A 45-year-old male patient consulted to a neurosurgeon with headache and vertigo, and a cranial CT revealed an aneurysm at the prepontine cistern. A further cerebral angiography showed the aneurysm at the basilar tip where it divides into two posterior cerebral arteries. A partially hypoplastic left VA was also detected. Basilar artery (BA) was formed by the union of a normal right VA and a partially hypoplastic left VA at the bulbopontine junction, and its diameter was 4 mm. The dimension of the basilar tip aneurysm was 12x13 mm. The lumen diameter of the right VA was 3 mm, the left VA was 1.2 mm and 0.8 mm before and after giving the posterior inferior cerebellar artery (PICA), respectively. The BA was deviated to the hypoplastic side. The hypoplastic part of the left VA was in the intracranial portion after the artery gave its PICA branch (Figures 1,2). No anomaly was detected in other branches of the vertebrobasilary system. The basilar tip aneurysm was treated with endovascular approach (Figure 2).


Figure 1: Preembolization image of the vertebrobasilar system. (LVA: left vertebral artery; RVA: right vertebral artery; BA: basilar artery; BTA: basilar tip aneurysm; PICA: posterior inferior cerebellar artery; AICA: anterior inferior cerebellar artery; SCA: superior cerebellar artery; PCA: posterior cerebral artery)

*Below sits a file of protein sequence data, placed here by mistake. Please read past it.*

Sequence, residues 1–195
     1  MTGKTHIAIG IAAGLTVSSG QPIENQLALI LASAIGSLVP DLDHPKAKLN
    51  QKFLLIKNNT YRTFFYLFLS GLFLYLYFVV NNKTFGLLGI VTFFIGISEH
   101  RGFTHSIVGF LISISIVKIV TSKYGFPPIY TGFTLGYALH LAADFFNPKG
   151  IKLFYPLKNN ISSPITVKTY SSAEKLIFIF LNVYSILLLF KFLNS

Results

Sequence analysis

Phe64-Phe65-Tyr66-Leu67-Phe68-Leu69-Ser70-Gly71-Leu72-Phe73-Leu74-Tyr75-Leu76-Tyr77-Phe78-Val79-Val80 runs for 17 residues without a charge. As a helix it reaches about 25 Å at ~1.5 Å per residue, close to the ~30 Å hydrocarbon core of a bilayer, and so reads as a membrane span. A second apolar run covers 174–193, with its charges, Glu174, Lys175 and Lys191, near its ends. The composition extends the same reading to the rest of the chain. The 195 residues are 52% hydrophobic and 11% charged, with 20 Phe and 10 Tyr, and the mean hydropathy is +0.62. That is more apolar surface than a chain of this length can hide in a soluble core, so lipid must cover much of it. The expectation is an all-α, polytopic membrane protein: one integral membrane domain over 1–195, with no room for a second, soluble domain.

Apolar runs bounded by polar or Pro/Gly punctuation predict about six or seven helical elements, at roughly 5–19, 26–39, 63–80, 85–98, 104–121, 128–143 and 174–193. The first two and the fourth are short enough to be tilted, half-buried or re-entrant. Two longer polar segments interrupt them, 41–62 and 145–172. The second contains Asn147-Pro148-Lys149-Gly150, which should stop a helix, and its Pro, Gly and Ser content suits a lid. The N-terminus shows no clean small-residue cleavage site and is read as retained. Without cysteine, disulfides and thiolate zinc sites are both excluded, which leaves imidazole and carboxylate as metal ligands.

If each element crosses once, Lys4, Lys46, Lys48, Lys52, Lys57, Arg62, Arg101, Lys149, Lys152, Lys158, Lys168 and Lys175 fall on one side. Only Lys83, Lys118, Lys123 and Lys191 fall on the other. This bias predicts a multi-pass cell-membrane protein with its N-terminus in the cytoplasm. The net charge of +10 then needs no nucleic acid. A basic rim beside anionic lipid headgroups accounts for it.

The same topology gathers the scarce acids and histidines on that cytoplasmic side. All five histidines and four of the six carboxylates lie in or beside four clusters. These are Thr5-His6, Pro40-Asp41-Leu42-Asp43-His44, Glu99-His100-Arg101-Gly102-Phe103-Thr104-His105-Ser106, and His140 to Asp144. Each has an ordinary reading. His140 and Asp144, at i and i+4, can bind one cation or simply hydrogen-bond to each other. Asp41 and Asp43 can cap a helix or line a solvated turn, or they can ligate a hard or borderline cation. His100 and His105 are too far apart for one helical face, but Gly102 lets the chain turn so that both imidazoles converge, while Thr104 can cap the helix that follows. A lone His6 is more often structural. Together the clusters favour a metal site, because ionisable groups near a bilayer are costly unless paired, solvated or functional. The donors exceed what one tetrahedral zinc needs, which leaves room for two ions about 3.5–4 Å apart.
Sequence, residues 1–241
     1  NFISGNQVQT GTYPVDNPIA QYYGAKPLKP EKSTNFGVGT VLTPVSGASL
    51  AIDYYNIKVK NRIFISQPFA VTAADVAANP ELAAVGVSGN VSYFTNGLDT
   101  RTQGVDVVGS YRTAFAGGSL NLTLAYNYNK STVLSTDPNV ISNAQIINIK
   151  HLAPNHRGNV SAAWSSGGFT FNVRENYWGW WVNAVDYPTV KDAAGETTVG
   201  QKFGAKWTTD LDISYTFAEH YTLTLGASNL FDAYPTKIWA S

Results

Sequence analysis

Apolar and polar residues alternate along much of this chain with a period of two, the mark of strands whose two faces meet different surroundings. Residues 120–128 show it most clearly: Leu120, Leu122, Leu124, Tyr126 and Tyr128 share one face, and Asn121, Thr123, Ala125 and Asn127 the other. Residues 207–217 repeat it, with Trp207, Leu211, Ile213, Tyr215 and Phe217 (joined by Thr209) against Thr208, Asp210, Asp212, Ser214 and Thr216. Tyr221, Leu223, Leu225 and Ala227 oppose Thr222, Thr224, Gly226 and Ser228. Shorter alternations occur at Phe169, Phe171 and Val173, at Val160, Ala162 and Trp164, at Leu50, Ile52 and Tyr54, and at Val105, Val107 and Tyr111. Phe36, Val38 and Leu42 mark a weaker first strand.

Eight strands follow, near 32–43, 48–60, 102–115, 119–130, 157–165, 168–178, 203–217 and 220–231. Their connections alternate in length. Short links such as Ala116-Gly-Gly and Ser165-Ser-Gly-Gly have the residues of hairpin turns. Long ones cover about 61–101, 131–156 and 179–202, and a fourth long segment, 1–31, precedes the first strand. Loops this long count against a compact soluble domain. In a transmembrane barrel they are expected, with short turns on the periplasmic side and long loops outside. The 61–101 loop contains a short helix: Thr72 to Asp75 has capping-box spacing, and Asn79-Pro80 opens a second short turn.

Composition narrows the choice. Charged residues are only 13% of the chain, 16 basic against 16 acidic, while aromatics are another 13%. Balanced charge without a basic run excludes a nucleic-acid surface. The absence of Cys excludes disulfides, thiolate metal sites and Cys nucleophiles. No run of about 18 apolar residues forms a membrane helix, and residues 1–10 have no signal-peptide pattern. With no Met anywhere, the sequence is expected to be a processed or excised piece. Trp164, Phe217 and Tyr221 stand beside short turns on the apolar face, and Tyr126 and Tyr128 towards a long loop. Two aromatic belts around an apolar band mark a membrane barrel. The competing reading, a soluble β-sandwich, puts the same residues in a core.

Figure 2: Postembolization image of the vertebrobasilar system; diameters of the arteries. (X1, X2 (BA): basilar artery; X3: left posterior cerebral artery; X4: right posterior cerebral artery; X5 (LVA): left vertebral artery; X6 (RVA): right vertebral artery)

Intracranial arteries are the sites where aneurysms are most often localized. Many autopsy and angiographic studies showed that the prevalence of intracranial aneurysms in the population is 1-8% [1]. The maximum hemodynamic stress in a vascular plexus is at the bifurcation apex of the vessel. The pressure here is shown to be 2-3 times higher than the maximum pressure within the proximal main artery lumen [3]. Vascular and internal current hemodynamics are of great importance in the occurrence, development and configuration of the intracranial aneurysms [1]. Saccular aneurysms usually develop at the bifurcation points of the arteries proximal to the circle of Willis. The location of these aneurysms is the anterior circulation in 85-90% of the cases, and posterior circulation in 10-15%. In the posterior circulation, there are two common sites: bifurcation point of the basilar artery and the origin of the posterior inferior cerebellar artery (PICA) [1]. The frequency of the aneurysm at the basilar artery bifurcation as reported by Yasargil et al. is 4.9% [4].